Today, some people choose a piano based on Eastern European thinking that a heavy action (which is more difficult to play) is the best piano to own. However, that thinking is not scientifically correct. There are many factors to consider: the skill of the performer, the level of the music being played, and the action design which may cause the pianist to prefer a heavier or lighter piano action.
#6: Interior Piano Parts
The interior structure of pianos has changed. While there are thousands of wooden, felt, wool, and metal parts in an acoustic piano, some have been using carbon fiber and specialized parts, enhancing the performer’s experience while providing a lighter, faster, and stronger piano action.
Many piano parts are no longer made of wood but rather carbon fibers that will never wear out. Look for a manufacturer that uses carbon fiber infused parts. It will require less technical service or repair.
#7: String Length Makes a Difference in the Sound
Each piano contains more than 200 strings which means that for every inch longer each string is, there will be a difference in the sound and resonance of the piano.
Here’s how it works: when your fingers hit the keys, the mechanism (called the piano action) causes the corresponding hammers to hit the right strings. The strings vibrate and send the vibration to the bridges, and bridges send the vibration down to the soundboard. The soundboard resonates and sends vibrations out to the rim of the piano and ultimately to the audience. The soundboard truly is the heart of the piano because that is where the sound is manifested.
New acoustic pianos sell in the range of $5,500 (year-2018) on up (when it comes to price, the sky’s the limit for quality pianos).
Buying a Piano: How to Choose a Digital Piano: 6 Things to Think About
Digital pianos are becoming more and more popular. And, they have many advantages including:
They never need to be tuned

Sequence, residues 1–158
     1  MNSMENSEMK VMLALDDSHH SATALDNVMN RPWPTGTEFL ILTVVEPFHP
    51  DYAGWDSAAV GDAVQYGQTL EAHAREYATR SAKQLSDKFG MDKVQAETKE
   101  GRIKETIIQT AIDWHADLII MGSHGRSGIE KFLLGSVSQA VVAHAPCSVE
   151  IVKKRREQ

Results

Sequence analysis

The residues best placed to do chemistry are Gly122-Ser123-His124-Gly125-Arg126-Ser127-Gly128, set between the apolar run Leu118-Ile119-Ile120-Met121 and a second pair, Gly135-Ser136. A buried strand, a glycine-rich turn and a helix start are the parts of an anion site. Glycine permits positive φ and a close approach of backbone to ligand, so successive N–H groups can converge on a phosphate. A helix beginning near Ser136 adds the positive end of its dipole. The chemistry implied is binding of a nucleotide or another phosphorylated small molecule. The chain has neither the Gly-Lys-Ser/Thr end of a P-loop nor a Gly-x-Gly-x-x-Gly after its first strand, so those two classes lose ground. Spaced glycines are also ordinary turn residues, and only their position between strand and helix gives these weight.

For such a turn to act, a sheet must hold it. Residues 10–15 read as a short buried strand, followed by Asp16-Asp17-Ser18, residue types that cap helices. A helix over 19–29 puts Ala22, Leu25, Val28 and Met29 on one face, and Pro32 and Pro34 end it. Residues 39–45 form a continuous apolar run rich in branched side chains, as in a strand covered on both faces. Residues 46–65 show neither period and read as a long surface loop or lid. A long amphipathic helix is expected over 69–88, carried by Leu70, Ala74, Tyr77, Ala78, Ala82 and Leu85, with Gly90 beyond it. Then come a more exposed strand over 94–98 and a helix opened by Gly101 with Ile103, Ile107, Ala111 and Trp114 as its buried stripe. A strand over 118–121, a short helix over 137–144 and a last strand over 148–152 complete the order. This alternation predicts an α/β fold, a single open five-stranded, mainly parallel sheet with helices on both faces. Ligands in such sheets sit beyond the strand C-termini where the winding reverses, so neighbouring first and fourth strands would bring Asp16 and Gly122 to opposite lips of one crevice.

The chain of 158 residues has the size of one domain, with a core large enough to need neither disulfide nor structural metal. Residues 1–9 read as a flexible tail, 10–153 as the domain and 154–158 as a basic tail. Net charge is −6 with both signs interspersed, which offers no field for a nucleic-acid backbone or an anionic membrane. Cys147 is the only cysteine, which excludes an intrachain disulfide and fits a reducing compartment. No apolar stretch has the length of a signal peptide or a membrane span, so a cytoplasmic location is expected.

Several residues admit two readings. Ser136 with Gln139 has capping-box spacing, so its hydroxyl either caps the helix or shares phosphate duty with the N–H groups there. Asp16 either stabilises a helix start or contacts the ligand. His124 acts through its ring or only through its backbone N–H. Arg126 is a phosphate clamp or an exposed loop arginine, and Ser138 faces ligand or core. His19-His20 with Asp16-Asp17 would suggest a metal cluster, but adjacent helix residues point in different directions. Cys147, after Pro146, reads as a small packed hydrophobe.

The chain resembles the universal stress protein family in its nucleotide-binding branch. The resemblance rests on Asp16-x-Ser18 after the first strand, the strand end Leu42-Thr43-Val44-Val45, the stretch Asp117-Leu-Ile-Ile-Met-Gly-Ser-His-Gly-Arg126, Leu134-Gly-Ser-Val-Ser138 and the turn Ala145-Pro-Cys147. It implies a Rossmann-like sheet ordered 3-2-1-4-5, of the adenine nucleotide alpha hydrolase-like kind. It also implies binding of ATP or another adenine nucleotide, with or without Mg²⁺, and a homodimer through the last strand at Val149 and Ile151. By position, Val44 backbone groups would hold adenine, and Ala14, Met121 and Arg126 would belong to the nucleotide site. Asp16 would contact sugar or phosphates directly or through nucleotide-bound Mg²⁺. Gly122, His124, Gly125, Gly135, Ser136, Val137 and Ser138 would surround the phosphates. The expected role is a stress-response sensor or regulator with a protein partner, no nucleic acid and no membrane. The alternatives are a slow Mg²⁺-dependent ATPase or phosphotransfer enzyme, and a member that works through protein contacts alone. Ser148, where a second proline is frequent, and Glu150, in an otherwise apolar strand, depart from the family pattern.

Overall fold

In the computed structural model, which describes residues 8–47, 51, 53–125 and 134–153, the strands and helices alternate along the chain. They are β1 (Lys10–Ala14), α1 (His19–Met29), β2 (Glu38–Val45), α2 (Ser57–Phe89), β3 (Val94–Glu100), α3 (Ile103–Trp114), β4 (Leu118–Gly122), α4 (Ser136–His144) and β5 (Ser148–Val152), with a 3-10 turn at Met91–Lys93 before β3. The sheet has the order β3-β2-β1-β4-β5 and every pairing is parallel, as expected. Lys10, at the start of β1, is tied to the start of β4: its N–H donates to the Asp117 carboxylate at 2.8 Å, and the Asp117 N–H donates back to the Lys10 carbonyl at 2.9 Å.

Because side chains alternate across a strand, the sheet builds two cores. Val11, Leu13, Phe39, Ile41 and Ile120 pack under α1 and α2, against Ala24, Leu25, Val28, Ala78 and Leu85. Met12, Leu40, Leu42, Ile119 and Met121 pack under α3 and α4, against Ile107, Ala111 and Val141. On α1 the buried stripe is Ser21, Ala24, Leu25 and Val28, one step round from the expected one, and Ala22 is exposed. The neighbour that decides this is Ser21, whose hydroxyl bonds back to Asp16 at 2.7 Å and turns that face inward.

They can be quiet because you can wear headphones and no one will hear the sound except the person playing it. This is an advantage where too much sound might be a problem.
The quality of digital pianos is constantly improving. It’s fast approaching the same type of experience as an acoustic piano.
A digital piano is more compact and will fit into smaller spaces.
Play Multiple Sounds
Digital pianos usually allow the user to produce sounds of several different types of musical instruments, such as piano, organ, violin, flute, etc.
The cost is considerably lower than an acoustic piano and ranges from $1,000 to $20,000.
Buying a Piano: How to Choose a Hybrid Piano: 6 Things to Think About
A hybrid piano is really the best of both worlds. They can be both acoustic and digital. In terms of popularity, people still purchase more acoustic or digital pianos. However, it’s mainly because the hybrid pianos are so new, many people have not yet heard of them (but that will quickly change).
Here are some advantages of the hybrid piano:
There are two types of hybrid pianos: a digital hybrid or acoustic hybrid. The digital hybrid may have a soundboard but no strings. (The sounds are produced through electronic contacts that access synthesized or actual recorded sounds.) The acoustic hybrid may have strings and a soundboard that will allow you to perform on a traditional piano, plus, it is able to access digital (electronically delivered) sounds, and allow you to use headphones if desired.
If it’s an acoustic hybrid, it will need to be tuned. If it’s a digital hybrid, it will not need tuning.
Generally, these pianos are the size of a regular upright or small grand piano
Hybrids are special in that they can play MANY different instrument sounds or “voices.”
Digital hybrid: $5,000–$25,000 (year 2018) and Acoustic Hybrid: $9,000-$40,000 (year 2018)
If you are piano shopping carefully consider these ideas and be a savvy shopper. And, if you’re in the greater Washington D.C. area, think about contacting Bob and Antoinette to get their professional input.
And be sure and take this list with you while piano shopping. It will be invaluable and will let the piano salesperson know you have done your homework and are an informed buyer.
You can access the 2-minute video here.